Weekend escape: Cranford Cottage at Heathcote

cranford cottage, heathcote

The view from the front porch of Cranford Cottage


There’s a paddock of calf-high brown grass bent with breeze stretching past gum trees to the horizon. Houses there are lost in haze, too distant to be a concern; Mt Ida pokes a leafy head over the top. Sheep work their way across the paddock, and Eddy the emu may be seen prowling the fence, waiting for Stephen to open the gate and let him back into the facing paddock where black angus graze, so he can scribe his circular route around the property once more.

Among the other birds spied here are lorikeets and galahs, magpies, willy wagtails, sparrows; hawks, Stephen says, and occasionally even wedge-tailed eagles. But we don’t see the raptors. The farm has chooks, too: can’t miss that cock crowing, far enough away at the house to be rustic charm rather than a trigger for a throttling.

At day, glowing in the sun; at night, gilded by moonlight: the grass is mesmerising. That space, that quiet … what an ideal getaway this place is.

cranford cottage, heathcote

Back deck

Farmers Stephen and his wife Cally run Cranford Cottage at Heathcote, barely 90 minutes’ drive from Melbourne, a B&B where they’ve done everything right. Set at the back of the homestead’s house paddock, the cabin has two bedrooms with en suites flanking the central kitchen, dining and lounge area, with a porch looking towards the sheep and a full-length deck facing the creek and cattle.

Corrugated iron and undressed timber feature outside; the living area has timber floor, wood heater and air conditioning, while the bedroom has a ceiling fan and carpet so new you can smell it. TV, DVD, an iPad of music, Scrabble, wifi, battery-operated tea-light candles are provided; there’s a dishwasher, microwave and gas stove.

The cottage has one of the best provisioned kitchens I’ve encountered at a B&B — even flour and raw sugar, cling wrap, cooking oil, a generous jar of instant Moccona coffee to supplement the espresso. The only absence come brekkie time is egg rings … meh. The provided breakfast is (scrambled) eggs, bacon, tomatoes, mushrooms, bread from the local bakery, avocado, juice. There are bananas, microwave popcorn, muesli, numerous teas, hot chocolate … excellent stuff.

cranford cottage, heathcote

Welcome gift of wine, with sage advice

As the custom wine label on our complimentary bottle of red tells us, there’s plenty of wine in Heathcote, a shiraz heartland, and the cottage is mere minutes from town, which has four cellar doors in the main street and around 40 wineries in the region. As it turns out, we don’t get past the main street’s offerings. Heathcote Winery is very good, but it’s Heathcote Estate (they also run Mornington Peninsula’s Yabby Lake) that takes my fancy with their Barossa-style, attention-grabbing shiraz, and Peregrine Ridge at the farmers’ market is a pleasant find. Owner-operator Graeme steers us to a purveyor of pork that is sensational.

More pictures of the cottage, with sheep — and Eddy!

Stephen and Cally booked us in for Friday night dinner at the Willow Room in town, a superb, intimate restaurant and B&B run by a couple Stephen tells us have not long ago moved from Melbourne. A fortunate tree change, if my taste buds are any judge: the food is sensational. You know you’re in a wine region when you ask the origin of the house red — a most excellent drop — and you’re told the names of the people who made it, not their winery.

cranford cottage, heathcote

Chook kettle

Gentle Saturday morning rain makes the grass glisten, washes the bushfire smoke haze from the air.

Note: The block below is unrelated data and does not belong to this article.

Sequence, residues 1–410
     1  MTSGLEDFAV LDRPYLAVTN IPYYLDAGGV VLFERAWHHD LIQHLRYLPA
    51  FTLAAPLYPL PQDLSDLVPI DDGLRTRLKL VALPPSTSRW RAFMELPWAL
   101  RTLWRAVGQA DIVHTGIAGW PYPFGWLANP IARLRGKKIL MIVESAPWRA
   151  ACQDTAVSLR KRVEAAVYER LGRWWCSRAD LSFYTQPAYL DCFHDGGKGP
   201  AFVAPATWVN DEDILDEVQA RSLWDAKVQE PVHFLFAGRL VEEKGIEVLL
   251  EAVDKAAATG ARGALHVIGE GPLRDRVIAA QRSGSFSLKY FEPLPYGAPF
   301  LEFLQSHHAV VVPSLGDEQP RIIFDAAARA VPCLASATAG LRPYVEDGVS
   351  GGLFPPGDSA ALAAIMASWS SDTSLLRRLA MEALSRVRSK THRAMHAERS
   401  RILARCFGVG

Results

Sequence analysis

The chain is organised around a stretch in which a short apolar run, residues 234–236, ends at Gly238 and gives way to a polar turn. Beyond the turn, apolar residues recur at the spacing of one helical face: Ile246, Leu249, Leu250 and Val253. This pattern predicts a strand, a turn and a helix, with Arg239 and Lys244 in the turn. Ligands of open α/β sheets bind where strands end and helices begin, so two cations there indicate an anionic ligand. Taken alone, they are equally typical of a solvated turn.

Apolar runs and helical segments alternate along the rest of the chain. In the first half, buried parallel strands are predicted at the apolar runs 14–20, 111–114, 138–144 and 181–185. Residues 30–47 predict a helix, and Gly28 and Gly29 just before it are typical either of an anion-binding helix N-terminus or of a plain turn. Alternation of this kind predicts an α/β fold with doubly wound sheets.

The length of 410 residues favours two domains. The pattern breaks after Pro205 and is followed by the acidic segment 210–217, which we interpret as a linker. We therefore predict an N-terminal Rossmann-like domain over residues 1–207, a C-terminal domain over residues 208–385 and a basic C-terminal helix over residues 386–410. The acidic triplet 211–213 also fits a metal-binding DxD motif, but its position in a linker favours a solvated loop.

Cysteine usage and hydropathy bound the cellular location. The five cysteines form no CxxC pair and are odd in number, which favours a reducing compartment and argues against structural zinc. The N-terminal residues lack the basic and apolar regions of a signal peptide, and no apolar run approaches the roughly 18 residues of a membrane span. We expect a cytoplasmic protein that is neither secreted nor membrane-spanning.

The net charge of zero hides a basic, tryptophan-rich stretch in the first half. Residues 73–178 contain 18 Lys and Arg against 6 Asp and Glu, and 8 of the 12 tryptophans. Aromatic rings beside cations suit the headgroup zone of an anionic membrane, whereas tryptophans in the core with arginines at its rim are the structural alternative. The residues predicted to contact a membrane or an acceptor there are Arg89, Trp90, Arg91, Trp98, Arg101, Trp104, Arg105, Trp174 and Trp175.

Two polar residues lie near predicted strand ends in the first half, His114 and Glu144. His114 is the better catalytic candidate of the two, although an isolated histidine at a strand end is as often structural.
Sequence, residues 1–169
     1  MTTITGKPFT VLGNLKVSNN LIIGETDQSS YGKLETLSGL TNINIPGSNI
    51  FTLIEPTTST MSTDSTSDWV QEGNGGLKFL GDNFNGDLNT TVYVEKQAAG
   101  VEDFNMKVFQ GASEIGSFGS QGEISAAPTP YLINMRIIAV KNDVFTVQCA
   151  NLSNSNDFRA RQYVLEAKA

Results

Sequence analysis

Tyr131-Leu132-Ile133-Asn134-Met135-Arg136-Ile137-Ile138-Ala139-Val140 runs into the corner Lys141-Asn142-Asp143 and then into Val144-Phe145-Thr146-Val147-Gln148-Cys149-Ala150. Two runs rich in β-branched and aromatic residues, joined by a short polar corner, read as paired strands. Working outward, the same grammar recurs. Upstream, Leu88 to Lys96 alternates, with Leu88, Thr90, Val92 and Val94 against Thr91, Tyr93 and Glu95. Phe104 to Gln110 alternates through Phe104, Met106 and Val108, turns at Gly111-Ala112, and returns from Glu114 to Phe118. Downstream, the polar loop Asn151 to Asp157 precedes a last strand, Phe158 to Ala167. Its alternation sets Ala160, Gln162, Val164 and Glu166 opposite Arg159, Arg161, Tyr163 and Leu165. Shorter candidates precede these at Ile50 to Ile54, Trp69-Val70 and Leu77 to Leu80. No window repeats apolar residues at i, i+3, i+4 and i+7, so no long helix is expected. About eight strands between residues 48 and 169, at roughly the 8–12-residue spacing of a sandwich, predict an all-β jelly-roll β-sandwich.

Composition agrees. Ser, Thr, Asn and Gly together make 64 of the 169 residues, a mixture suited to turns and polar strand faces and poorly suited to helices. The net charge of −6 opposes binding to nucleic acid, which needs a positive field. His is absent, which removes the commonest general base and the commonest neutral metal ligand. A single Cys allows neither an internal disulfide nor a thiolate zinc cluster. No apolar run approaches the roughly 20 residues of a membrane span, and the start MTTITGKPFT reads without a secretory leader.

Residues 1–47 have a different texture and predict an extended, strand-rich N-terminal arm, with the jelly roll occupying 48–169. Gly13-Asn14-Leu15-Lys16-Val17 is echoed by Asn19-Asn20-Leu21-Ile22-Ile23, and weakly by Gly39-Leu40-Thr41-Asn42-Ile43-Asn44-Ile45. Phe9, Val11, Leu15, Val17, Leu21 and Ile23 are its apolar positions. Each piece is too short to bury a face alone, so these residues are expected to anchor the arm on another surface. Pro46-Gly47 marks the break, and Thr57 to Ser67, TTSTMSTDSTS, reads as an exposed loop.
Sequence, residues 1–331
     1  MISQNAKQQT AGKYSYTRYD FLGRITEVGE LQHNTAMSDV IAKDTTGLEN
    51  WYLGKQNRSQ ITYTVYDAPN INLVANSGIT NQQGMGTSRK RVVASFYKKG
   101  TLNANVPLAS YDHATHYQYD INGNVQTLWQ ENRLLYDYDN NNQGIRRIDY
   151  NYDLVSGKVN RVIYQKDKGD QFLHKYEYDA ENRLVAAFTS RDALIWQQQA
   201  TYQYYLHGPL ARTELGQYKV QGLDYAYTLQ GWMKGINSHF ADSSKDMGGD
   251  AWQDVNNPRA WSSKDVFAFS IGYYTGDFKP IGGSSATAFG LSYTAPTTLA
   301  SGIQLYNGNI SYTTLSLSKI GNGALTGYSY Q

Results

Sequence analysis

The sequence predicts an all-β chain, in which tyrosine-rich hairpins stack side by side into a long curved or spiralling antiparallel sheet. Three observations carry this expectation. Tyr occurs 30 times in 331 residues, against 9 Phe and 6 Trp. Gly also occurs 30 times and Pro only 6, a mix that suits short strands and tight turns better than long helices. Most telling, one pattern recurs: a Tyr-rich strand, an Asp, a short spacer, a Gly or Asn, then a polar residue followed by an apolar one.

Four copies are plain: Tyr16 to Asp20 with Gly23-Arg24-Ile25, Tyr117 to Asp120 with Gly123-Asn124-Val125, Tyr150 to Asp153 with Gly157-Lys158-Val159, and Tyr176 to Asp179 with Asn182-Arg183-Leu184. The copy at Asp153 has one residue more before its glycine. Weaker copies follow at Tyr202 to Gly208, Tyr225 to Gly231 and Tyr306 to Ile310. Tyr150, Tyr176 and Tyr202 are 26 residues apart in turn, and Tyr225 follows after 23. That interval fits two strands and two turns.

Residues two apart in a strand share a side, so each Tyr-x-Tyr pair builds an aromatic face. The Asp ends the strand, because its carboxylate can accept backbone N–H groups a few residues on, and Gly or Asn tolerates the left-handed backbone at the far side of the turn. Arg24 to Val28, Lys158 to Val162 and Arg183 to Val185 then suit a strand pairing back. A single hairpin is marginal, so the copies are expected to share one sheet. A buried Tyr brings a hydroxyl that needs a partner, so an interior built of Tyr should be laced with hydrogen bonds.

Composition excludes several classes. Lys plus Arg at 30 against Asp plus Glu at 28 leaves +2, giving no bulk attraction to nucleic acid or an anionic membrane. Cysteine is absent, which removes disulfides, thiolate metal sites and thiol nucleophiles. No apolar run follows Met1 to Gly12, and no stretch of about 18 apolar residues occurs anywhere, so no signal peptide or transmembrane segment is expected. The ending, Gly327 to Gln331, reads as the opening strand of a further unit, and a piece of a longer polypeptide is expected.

‘It’ll keep us going,’ Stephen says of the drizzle as we return from the market just after lunch time (dim sum, pork sausage on a slice of bread, coffee), but the rain was barely enough to wet our hair. We take short showers (there is no bath tub): the water is solely drawn from rainwater tanks. And my god, it tastes so good out of the tap.

We while away the remainder of the weekend, playing cards, picking at nibbles from the local IGA washed down by local red. The mountain bikes go unused, the four-hole just-for-fun golf course in the back yard remains untested.

When we reluctantly leave on the Sunday, the boot filled with bottles of vinegar and oil, preserves and — ahem — wine, Stephen waves from a small set of vines planted down at the lagoon, where a platform juts out over the parched rim. He’s got guests so we don’t pull up, just wave: we left a note to say we’d be back.

cranford cottage, heathcote

Mt Ida cloaked in rain, Cranford Cottage

Things to do in Melbourne #5: the RAAF Museum

tiger moth at RAAF Museum Point Cook

Tiger Moth at RAAF Museum Point Cook

The RAAF Museum is only minutes from the Melbourne CBD, housed in several hangars at the Point Cook airbase. Incredibly, it’s free, even if you do have to stop at a checkpoint — no boom gate, no alligator teeth, just a strident sign telling you to ‘stop and Wait!’ — to have your details recorded by a sentry.

At the end of the road, in the HQ hangar, is a walk-through history of the RAAF with plenty of displays — uniforms, documents, pieces of planes and info boards — and a couple of audio-visual elements, including a rather stoic letter home from an aviator setting out on what was to be his last mission. There are also some souvenirs from Manfred von Richtofen’s Fokker — the museum lays full claim to the Aussies having shot down the Red Baron with ground fire rather than giving the kudos to a Canadian airman, the other version I’ve heard. There was also, at our visit, a special display set up about the repatriation of two MIA Canberra crew from Vietnam.

There’s a hangar with a raised viewing platform showing restoration works — the key project at the moment is the rebuilding of a mostly wooden Mosquito: projected completion time, 10 years. In another, attached to the main building, is a collection of RAAF aircraft and further career displays about life in the service over the years, a second has yet more aircraft from across the years viewable only from a raised platform, and yet another has the big three: a Canberra bomber, a Phantom and an F1-11. A second F1-11 is on its way.

The display hangars were chilly barns on the rainy day we visited, dodging showers to cross from one hangar to another, and it was a shame the planes could only be viewed from restricted through worthwhile angles, but still, the set-up was impressive and the absence of jingoism was a relief. Time it right and you can see a plane get taken for a spin and chat with the pilot, or at least you might be able to yarn with a volunteer veteran who can provide some first-hand recounting about the service and the restoration projects.